By CARLOS WOODCOCK, Contributing Writer

By 2pm on Saturday the Strafford room was filled with people looking to get out of the cold and enjoy some board games. The tables set up throughout the room were flooded with people of all ages playing a multitude of different games at the second annual gathering of Syndicon 2.0.

Carlos Woodcock/ CONTRIBUTING  UNH students and members of surrounding communities gathered on Saturday for Syndicon 2.0, the second annual board game convention put on by the UNH Board Game Club. The event ran from 10:30 am until midnight this past Saturday and Sunday.

Carlos Woodcock/ CONTRIBUTINGUNH students and members of surrounding communities gathered on Saturday for Syndicon 2.0, the second annual board game convention put on by the UNH Board Game Club. The event ran from 10:30 am until midnight this past Saturday and Sunday.

Syndicon is an annual board game convention put together by the University of New Hampshire Board Gaming Club, and was held on Saturday and Sunday from 10:30 till midnight in the Strafford room of the MUB. The convention was open to UNH students, as well as any board gaming enthusiasts in the surrounding communities.

In general most people have had a least some exposure to the run-of-the-mill board games such as “Monopoly”, “Life” and “Clue” but those walking into Syndicon found a much more diverse variety of games to play. Titles like “Ticket to Ride” or “Settlers of Catan” many Syndicon visitors had never heard of before. Some of the games may have looked daunting on first sight, especially for someone who didn’t know the rules to any of them, but as the community organizer Joey Miseirvitch said, one of the big points of this convention and of the Board Gaming club is simply to teach new people how to play a variety of great games which they might pass by otherwise.

The walls of the Strafford room were lined with tables that were stacked with hundreds of games available for anyone to play. The UNH Board Gaming Club owns roughly 35 different games, but on top of that community members also brought hundreds of games from their personal collections and set them out for others to enjoy.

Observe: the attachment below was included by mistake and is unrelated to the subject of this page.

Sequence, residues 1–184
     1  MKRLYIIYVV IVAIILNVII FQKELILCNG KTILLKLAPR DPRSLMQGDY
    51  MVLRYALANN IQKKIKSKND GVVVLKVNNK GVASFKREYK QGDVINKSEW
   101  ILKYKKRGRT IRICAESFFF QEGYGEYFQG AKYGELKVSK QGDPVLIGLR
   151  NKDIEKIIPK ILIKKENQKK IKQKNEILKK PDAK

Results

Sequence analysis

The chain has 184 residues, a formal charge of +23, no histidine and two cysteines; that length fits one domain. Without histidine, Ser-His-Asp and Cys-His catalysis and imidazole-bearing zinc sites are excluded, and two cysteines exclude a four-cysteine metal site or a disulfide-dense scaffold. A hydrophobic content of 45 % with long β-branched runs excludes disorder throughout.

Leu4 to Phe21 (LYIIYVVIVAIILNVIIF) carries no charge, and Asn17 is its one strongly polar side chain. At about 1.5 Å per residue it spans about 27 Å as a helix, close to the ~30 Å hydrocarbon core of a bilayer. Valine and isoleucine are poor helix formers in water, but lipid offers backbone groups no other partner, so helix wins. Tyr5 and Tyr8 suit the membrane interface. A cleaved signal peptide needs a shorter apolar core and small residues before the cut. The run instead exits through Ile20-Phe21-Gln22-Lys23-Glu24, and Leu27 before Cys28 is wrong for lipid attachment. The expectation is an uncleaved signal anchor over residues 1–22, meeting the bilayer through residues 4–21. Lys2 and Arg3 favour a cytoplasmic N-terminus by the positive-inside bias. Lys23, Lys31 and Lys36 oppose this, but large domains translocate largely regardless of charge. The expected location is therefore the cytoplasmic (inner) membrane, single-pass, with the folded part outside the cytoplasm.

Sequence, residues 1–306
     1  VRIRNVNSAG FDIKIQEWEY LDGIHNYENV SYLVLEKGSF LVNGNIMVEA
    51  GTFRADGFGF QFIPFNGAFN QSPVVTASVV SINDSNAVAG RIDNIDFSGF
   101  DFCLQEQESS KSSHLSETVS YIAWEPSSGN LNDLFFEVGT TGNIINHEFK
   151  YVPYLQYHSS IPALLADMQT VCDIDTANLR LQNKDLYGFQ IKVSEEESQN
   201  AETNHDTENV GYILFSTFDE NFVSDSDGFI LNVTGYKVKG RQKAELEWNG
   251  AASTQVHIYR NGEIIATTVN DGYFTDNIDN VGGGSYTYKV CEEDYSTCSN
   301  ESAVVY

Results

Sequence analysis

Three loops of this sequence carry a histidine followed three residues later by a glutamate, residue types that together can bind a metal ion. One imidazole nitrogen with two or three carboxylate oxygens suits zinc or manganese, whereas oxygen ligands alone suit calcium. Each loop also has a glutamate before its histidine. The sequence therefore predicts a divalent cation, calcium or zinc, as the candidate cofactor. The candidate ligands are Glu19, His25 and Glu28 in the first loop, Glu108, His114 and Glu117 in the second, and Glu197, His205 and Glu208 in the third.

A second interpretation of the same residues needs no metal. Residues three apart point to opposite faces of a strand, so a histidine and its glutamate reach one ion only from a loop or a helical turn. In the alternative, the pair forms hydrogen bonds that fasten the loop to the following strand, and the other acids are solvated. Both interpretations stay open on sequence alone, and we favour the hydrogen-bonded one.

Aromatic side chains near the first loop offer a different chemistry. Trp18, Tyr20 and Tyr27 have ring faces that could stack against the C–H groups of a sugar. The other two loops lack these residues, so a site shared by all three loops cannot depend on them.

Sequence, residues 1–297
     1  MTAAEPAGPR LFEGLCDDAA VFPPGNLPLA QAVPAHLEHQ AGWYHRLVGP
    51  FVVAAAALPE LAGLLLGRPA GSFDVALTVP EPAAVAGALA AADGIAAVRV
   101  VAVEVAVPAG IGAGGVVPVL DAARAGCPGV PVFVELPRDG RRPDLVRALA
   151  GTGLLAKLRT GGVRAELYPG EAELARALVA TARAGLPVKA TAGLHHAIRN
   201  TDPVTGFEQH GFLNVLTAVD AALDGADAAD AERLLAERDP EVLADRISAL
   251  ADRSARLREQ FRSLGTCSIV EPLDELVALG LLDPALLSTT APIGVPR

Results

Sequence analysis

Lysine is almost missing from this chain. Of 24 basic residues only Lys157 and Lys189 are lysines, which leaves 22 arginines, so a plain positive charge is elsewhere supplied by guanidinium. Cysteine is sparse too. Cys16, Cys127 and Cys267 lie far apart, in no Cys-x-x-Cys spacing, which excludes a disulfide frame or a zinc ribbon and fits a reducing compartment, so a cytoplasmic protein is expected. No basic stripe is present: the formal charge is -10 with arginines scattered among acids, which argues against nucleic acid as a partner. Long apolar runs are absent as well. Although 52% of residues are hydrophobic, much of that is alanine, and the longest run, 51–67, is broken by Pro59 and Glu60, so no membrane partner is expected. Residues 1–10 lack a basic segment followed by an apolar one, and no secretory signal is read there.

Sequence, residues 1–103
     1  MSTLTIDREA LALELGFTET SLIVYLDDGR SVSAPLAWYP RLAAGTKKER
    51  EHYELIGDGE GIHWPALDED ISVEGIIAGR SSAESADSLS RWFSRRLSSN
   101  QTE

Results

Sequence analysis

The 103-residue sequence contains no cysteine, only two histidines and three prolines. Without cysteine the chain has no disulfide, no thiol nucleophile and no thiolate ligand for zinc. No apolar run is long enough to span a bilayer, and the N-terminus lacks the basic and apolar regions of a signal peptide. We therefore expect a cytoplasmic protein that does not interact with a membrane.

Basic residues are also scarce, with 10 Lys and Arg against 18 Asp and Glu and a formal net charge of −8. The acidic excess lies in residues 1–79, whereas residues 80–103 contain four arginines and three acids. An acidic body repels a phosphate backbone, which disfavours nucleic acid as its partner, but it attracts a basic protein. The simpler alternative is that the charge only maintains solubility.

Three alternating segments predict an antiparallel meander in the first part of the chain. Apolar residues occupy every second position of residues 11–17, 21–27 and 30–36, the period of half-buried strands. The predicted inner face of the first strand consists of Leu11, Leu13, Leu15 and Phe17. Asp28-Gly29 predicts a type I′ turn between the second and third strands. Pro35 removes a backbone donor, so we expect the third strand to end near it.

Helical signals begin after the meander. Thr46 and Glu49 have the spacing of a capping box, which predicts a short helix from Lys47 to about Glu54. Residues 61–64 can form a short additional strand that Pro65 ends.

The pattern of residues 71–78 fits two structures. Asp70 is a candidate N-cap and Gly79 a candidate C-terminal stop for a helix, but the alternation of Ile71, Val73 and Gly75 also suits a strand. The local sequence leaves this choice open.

Syndicon also included a raffle on both days of the event that featured prizes donated by community members, as well as local board gaming stores such as Diversion in Portsmouth and Go 7 Games. The proceeds from the raffle went towards purchasing more games for the Board Gaming Club and paying for the fees to hold the event.

In terms of numbers in attendance to the event Miseirvitch said that numbers just keep going up. When they held Syndicon last year there were about 45 people in attendance, and this year they expect well over a hundred. As far as the club goes he said that they see about seven new faces a week.

In this age of electronics and video games, board games might get looked on as a dying form of entertainment, but events like Syndicon prove that that isn’t true. The community is thriving behind the scenes and at Syndicon the people who love these games were more than happy to extend a hand to newcomers and work to show them why they love the hobby so much. Sharing the hobby is a huge part of being into board gaming. As Miseirvitvh passionately said, “board gamers are probably the most giving people.”

For anyone who missed Syndicon and is interested in board gaming, the convention will be held again next year around the same time, and the UNH Board Gaming Club meets every Friday from 6 to midnight and is open to all students.

Executive Editor